Wednesday Welcome: The Benefit of Being a Big Fish in a Small Pond - Jean Chatzky - Making money make sense
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Wednesday Welcome: The Benefit of Being a Big Fish in a Small Pond

Today’s guest poster is financial planner Neal Frankle, who writes about how his daughter got a great college education — and a wide network of contacts — for a fraction of the cost of an Ivy League school. If you’ve got your eyes set on a pricey school for your kids, this may help change your mind.

headshotAre you concerned about the astronomical cost of a college education? If so, I have some very good news.  My daughter just finished her degree in Finance and received a world-class education for a fraction of what it would have cost had she attended an Ivy League school.  Oh and by the way, she had a far better educational experience at the same time.

Before she started college we learned that graduates of high-priced schools don’t necessarily earn more than state school grads.  Still, we were concerned about the social scene at the state school.  We knew that it was important for her to be around other high achieving students in order to keep her motivated and working hard.

Fortunately, our daughter solved the problem herself. She got an expensive college education without the price tag.  How?  By becoming immersed in student government and an honors business fraternity (yes, the fraternity accepted both men and women).  She learned that the students involved in these groups were highly motivated, uber-achievers, super responsible and strong role models.

In order to excel in these organizations she had to be:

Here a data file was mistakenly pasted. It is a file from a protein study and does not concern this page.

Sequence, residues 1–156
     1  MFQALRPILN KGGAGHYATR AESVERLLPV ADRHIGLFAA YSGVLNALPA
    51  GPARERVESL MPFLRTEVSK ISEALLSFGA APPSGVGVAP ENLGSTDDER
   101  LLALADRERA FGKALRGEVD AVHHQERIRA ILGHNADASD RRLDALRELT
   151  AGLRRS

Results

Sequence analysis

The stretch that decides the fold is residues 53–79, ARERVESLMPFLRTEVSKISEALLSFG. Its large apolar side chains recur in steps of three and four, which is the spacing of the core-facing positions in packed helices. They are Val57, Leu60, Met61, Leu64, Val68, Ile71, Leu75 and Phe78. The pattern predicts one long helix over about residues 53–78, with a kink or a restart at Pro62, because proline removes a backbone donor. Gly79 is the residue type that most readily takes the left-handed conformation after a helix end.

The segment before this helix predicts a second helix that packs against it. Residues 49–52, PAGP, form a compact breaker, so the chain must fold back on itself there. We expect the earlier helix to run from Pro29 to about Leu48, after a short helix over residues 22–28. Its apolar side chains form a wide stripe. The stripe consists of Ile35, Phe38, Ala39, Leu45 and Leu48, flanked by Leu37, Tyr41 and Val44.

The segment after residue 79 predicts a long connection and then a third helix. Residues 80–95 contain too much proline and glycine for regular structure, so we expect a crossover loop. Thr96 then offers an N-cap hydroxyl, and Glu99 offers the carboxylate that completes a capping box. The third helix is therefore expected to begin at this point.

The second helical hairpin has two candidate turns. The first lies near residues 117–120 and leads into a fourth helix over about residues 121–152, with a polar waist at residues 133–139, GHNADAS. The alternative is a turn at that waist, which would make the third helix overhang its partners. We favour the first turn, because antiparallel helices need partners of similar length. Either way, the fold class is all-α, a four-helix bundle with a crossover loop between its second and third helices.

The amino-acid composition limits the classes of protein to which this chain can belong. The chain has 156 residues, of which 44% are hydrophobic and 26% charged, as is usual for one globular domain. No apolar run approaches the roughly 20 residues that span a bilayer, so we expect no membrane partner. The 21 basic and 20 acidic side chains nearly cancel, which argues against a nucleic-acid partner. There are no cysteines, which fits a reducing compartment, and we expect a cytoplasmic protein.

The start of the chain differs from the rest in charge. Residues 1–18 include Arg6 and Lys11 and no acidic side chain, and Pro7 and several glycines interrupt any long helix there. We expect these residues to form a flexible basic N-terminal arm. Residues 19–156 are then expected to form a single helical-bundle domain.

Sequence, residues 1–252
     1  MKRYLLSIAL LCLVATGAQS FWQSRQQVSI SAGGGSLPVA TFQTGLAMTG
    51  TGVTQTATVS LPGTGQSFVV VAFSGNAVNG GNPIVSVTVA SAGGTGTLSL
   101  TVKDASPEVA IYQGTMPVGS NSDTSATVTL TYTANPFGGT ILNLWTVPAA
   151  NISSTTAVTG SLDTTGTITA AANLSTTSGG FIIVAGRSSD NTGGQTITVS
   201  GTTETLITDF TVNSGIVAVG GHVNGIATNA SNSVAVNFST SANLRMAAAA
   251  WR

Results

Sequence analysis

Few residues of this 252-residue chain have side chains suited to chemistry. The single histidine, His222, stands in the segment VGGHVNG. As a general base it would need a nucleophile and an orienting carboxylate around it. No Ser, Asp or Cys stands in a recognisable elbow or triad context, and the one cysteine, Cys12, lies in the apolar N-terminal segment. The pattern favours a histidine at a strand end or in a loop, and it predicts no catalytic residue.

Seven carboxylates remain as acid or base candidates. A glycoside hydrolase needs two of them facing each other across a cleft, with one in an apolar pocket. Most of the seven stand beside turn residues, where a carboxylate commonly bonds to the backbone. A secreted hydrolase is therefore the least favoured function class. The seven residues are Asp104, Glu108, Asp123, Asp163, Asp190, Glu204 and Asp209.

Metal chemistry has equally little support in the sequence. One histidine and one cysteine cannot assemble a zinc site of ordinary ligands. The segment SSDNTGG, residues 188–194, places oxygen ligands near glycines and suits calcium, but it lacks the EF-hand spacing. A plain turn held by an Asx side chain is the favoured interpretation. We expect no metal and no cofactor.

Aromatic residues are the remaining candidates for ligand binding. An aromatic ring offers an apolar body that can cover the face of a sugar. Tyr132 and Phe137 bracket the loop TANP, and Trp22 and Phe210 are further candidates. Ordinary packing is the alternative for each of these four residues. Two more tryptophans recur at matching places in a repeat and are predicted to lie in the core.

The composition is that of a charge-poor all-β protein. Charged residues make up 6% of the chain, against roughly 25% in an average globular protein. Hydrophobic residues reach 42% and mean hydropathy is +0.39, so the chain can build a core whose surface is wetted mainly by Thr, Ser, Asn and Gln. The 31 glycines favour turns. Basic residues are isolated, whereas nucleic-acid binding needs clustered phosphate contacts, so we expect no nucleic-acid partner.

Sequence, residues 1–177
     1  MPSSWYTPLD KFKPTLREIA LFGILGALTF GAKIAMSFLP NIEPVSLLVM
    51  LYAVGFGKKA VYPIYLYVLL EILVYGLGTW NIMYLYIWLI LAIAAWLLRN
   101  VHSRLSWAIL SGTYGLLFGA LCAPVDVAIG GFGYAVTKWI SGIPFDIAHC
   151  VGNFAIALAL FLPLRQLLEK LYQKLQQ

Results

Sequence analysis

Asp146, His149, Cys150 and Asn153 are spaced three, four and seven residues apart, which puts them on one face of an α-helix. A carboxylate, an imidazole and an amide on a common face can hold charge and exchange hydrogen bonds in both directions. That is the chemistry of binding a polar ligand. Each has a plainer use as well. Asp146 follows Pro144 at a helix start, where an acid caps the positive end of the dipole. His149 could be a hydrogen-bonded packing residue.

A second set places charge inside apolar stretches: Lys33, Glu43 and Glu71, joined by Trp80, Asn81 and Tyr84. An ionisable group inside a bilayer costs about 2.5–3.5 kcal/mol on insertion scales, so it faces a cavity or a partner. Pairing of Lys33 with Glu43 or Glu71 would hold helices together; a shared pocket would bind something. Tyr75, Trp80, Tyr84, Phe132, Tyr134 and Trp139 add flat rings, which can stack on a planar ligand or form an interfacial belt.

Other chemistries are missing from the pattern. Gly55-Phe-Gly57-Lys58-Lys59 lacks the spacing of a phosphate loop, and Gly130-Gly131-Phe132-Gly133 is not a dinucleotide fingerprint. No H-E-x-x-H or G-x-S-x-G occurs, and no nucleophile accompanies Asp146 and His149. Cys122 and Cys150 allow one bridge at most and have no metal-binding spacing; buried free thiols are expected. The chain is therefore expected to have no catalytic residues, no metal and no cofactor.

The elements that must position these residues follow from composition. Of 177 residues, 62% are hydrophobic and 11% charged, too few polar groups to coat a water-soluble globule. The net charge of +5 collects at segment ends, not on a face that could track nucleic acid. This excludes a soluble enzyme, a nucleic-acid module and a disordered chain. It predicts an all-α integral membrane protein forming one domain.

1. Punctual.
  2. Responsible.
  3. Professional.
  4. Results focused.
  5. Work well in a team.

What more could any parent want?  Most of what I learned in college wasn’t taught in class.  My guess is that was your experience as well.  My daughter  flourished in college .  And she had that successful experience because she set herself up to succeed from day one.

My daughter told me that she never would have had the chutzpah to undertake student body politics and honors business organizations had she gone to an Ivy League school.  That’s  because she felt intimidated.  The state school gave her more opportunity to do well than the pricier schools.

Sometimes being a medium size fish in a small pond works out great.  My daughter had to deliver even though she had great demands placed on her.  She spent time with and learned from the best students on campus.  She also has fantastic networking opportunities that will help her for years to come.  As a result, she’s highly equipped to succeed in her professional life .  And best of all, she doesn’t have any college debt to worry about. Neither do we.

Before you decide on which school to send your children, take a look at the extra-curricular activities.  Look for academic opportunities that your kid will feel comfortable getting involved in yet pushed at the same time.  I am convinced that dollar-for-dollar, this is a far better way to go.

About Neal: Neal Frankle is a Certified Financial Planner in Los Angeles.  He helps clients make smart financial decisions so they don’t have to worry about their future.  He also is the editor for and  He is a regular contributor to Forbes, Huffington Post and other mainstream media publications.   

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